Updated: May 13
In September it’s marked in my diary “Elderberries!” to remind me to get outside and collect them. As Autumn approaches Elderberries begin to change from green to a beautiful deep purple/blue, signaling the season change. In Chinese Medicine you are taught to observe the seasons and act accordingly. Each organ has an associated season and in Autumn it is the Lungs.
“The Lungs influence the skin and the defensive qi (immune system) and are easily invaded by exterior pathogenic factors, particular cold” G. Maciocia
In Autumn the wind becomes colder and hours of light begin to reduce, it is a time when we should prepare and strengthen our body, ready for the colder months. We must begin to think of our Lungs and supporting our immune systems, as it’s also often the time when colds and flu attack. Not only are we in a wardrobe limbo, trying to guess what will be appropriate dress for the weather that day, but it is also a time when many are thrown back into the harsh reality of work and school; increasing the chances of becoming run down and open to attack.
Fear not though nature is clever and everything is ready and there to help us if you know where to look. One such food is the elderberries, that have been used for centuries to protect against colds and flu. Scientific evidence is also growing to support the use of this abundant and useful fruit.
The ripe dark bunches of elderberries drooping and ready for picking.
Elderberries are rich in vitamin A, C, B6, Calcium and Iron, but also contain high levels of antioxidants such as polyphynols including anthocyanins and flavanoids, that can’t be synthesised in the body. My patients are always listening to me talk about the importance of the deep purple foods rich in anthocyanins, as they help heal gut integrity and in turn help balance hormones, but as we learn more about the human biome we are realising gut heath is key in all aspects of medicine. Something Chinese Medicine has known for centuries (Just saying ;)).
The beauty of herbs is that often the active ingredients contained with in, work together to produce the optimal benefits. The great thing about elderberries is not only are they one of the richest sources of anthocyanins, but they also have plenty iron. The iron helps carry the anthcyanins from the gut into the blood stream therefore increasing their bio availability. Once in the blood stream they link to the free radicals we are always trying to reduce.
Research has also shown that a mixture like elderberry syrup could inhibit the replication of 11 strains of the influenza virus and increase cytokines production. Barak et al. (2001, 2002). A more recent study from Tiralongo et al (2016) also showed that elderberry supplementation produced a significant reduction in the duration and severity of cold symptoms in air travelers. So no more getting sick on holiday!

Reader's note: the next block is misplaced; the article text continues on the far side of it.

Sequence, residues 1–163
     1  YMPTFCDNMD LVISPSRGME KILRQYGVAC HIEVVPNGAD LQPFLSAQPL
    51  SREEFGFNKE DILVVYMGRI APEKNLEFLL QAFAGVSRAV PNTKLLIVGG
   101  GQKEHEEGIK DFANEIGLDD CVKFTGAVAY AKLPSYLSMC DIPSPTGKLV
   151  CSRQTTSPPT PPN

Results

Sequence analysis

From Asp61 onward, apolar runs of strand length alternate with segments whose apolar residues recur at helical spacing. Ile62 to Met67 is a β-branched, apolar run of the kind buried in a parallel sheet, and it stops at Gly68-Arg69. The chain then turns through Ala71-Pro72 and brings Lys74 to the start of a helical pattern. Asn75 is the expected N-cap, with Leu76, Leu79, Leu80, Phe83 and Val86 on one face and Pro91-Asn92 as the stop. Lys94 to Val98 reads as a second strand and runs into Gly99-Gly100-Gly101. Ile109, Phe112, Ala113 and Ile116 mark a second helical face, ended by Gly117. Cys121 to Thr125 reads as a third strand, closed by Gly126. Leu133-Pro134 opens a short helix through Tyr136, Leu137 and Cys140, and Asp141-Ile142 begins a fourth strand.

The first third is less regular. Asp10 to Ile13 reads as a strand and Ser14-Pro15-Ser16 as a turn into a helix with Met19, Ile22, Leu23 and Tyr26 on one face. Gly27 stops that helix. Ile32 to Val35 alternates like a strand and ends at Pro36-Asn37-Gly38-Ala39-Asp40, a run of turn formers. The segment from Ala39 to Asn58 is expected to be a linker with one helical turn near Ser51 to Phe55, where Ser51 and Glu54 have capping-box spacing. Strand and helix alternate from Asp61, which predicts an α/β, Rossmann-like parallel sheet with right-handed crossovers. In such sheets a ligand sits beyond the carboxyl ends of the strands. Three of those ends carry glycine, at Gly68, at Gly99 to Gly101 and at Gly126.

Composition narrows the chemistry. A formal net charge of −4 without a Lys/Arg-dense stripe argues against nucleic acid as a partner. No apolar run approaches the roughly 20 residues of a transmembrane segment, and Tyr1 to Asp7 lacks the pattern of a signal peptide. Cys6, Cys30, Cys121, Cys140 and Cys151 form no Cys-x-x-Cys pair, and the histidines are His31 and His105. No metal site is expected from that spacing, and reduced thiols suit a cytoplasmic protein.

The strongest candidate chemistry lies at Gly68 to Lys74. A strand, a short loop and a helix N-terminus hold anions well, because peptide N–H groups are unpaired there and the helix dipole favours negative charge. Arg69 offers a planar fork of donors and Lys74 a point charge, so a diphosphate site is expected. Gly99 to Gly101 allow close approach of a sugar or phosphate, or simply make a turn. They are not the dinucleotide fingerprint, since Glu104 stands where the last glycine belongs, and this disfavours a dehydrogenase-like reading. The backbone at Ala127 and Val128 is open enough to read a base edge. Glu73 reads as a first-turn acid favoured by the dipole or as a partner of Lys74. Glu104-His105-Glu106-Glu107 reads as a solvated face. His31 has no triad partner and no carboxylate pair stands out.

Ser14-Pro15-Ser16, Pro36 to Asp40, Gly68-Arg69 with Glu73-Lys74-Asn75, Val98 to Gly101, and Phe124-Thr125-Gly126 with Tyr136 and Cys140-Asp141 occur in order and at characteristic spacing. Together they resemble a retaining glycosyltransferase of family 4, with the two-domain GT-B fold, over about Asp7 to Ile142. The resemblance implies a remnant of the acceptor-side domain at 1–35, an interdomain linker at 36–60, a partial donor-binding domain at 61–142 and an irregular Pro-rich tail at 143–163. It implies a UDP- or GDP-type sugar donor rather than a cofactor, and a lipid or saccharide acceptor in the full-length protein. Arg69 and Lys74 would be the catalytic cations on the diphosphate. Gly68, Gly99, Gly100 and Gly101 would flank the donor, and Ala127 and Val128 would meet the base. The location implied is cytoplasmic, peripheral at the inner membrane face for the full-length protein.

Elderberry Syrup Recipe.
Step 1: Collect in a large bowl some elderberries. You can identify Elderberries by the knotty wood stems, long leafed with serrated edges and large drooping bunches or small purple fruit.
Step 2. Cover with cold water and leave for 5-10 mins to soak and clean any bug, snails or other stowaways off.
Step 3. Spread out on a towel to drip dry.
Step 4. Go through each bunch discarding any unripe berries. Then roll the berries between your fingers to remove from the stems. I used an old take away tub to collect them. I then chose to freeze them so I could make the syrup the next day. Fresh fruit can safely be frozen for at least a year, so any extra berries you collect can be frozen for latter batches.
1 teaspoon of ground cloves 2 tablespoons of fresh grated ginger or if like me you missed it off your shopping you can use 1/2 a teaspoon of dried ginger. 1 stick of cinnamon or 1 teaspoon of ground cinnamon 1 tablespoon of both lemon and orange rind. 1 cup of raw local honey. (approx 250g) 3.5 cups of water (approx 700ml) 1 and a 1/3 cups of fresh or frozen elderberries. (approx 300g)
Step 6. Add the water, elderberries and spices (not the honey) to a medium sized pan. Bring to the boil then cover and simmer for 45 mins till the mixture has reduced by half. Then leave to cool.
Step 7. Once the mixture has cooled, mash the berries with a spoon, then strain into a bowl to remove all the berries. Discard the berries. Then add the honey to the cooled and reduced mixture and stir well.
Step 8. Transfer into a sterile container. I used a 500 ml glass bottle with stopper which is the perfect size for this recipe, but you can use and glass jars you have saved. Label and enjoy.
Dosage: ½ – 1 teaspoon for kids and ½ – 1 tablespoon for adults. If the flu does strike, take the normal dose every 2-3 hours instead of once a day until symptoms disappear. Not suitable for children under 1 yr old.
If you are on immune suppressants, pregnant or breastfeeding consult your GP or qualified herbalist for advice on safe usage.